What’s in a Name?

Last Monday our school held a mass to celebrate Christ the King (the English translation of the Spanish Cristo Rey). To me, it’s always felt strange to think of Jesus as a king, and I want to consider what His reign looked like and how it informs us at Cristo Rey Boston.

Christ was a king like none other. He was a king for the poor. More importantly, he was a king among the poor. Poor, hungry, sick, imprisoned, it didn’t matter. He lived with them and broke bread with them, healed them and prayed with them. He recruited them as his disciples. He sat down with the outcasts of his time, the lepers, prostitutes, and tax collectors, and he washed their feet. Christ the King didn’t rule. He served.

food pantryOur Widening Horizons program contains a strong service component. Every sophomore, junior, and senior must complete three service activities each year. Our school offers monthly service opportunities, including chances to package meals for the sick, organize clothing for mothers and their children, and visit the elderly in nursing homes. This weekend, a group of students will be making holiday baskets.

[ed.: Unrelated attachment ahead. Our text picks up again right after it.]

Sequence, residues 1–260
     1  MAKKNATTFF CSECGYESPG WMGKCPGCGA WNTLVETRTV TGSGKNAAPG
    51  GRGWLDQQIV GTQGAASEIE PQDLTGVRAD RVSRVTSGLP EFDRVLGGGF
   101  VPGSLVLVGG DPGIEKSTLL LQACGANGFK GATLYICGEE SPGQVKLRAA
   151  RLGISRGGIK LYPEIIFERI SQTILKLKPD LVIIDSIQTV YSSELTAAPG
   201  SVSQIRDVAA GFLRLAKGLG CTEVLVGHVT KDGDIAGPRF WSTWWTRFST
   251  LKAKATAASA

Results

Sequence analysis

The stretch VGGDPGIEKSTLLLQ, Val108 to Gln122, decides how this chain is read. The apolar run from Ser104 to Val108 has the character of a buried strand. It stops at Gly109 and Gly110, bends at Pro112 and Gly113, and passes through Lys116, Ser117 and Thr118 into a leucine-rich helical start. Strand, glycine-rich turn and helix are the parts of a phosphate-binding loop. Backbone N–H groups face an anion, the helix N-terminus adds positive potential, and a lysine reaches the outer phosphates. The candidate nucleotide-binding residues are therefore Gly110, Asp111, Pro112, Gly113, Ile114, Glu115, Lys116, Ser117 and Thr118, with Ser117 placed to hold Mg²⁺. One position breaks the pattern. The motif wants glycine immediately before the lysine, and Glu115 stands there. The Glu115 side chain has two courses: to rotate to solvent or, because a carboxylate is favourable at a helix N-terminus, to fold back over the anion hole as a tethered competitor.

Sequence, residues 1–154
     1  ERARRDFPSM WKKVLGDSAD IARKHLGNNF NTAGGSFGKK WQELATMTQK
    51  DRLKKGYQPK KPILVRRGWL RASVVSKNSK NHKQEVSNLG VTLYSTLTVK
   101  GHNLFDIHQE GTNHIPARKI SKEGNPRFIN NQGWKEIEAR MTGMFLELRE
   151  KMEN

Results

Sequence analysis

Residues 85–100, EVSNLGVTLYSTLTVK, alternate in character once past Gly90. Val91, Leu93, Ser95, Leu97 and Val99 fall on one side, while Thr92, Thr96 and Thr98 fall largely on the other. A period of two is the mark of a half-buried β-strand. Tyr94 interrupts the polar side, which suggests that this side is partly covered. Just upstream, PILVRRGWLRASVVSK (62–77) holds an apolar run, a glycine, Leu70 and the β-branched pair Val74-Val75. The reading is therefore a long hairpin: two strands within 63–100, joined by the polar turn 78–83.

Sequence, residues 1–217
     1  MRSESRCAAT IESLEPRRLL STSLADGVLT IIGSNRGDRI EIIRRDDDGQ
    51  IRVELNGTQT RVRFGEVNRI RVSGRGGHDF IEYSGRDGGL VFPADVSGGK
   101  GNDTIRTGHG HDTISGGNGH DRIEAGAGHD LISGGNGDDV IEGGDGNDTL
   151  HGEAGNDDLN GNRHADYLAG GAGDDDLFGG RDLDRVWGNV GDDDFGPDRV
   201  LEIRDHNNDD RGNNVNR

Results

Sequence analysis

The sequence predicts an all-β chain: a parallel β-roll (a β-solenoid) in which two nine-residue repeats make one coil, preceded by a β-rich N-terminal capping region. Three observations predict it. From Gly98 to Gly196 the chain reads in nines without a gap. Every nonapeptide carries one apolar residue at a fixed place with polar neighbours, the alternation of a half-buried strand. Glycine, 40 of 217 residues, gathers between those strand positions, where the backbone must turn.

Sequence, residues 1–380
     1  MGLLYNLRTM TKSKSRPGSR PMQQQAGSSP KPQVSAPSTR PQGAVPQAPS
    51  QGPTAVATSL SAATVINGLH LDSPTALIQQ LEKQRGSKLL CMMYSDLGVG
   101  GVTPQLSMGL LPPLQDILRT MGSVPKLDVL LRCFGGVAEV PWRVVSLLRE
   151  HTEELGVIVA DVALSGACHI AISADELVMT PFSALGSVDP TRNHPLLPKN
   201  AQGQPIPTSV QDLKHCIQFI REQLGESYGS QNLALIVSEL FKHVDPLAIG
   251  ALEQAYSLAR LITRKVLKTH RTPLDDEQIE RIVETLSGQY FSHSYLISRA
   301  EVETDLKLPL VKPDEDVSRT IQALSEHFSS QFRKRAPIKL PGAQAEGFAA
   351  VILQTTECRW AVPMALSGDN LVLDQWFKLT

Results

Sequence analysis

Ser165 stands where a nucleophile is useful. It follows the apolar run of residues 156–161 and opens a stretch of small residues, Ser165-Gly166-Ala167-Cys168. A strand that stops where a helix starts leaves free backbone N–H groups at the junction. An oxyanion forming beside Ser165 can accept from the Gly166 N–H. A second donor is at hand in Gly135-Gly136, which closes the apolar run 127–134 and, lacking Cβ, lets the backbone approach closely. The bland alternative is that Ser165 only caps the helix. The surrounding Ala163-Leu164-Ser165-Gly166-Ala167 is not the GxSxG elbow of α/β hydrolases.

We continue our commitment to service in our Corporate Work Study Program by placing 23 students at non-profits, such as the American Red Cross, Boston Healthcare for the Homeless, Cradles to Crayons, and United Way. We believe that the experience of serving an underprivileged population is extremely enriching for students who have spent their lives defined as underprivileged.

The point of our service component is to emphasize to our students that poor, sick, hungry, ill, and imprisoned are names that fail to account for a person’s inherent holiness. As Christ said, he is in the poor: “Whatever you did for one of the least of these brothers and sisters of mine, you did for me” (Matthew 25:40). Although our students have been labeled poor, economically limited, or low-income, we know this is a small part of who they are, and we witness their riches every day.

In thinking about names, I’m reminded of a quote attributed to St. Francis of Assisi: “Preach the Gospel, and if necessary, use words.” We speak loudest and most honestly in the way we carry out our lives. So as we prepare our students to become community leaders, professionals, and well-rounded individuals, we emphasize that our mission in life is always to serve. Not to take our talents and bury them, but to multiply our talents and share them with others.

In giving we find true wealth. In serving we become royalty.

This entry was posted in President Post. Bookmark the permalink.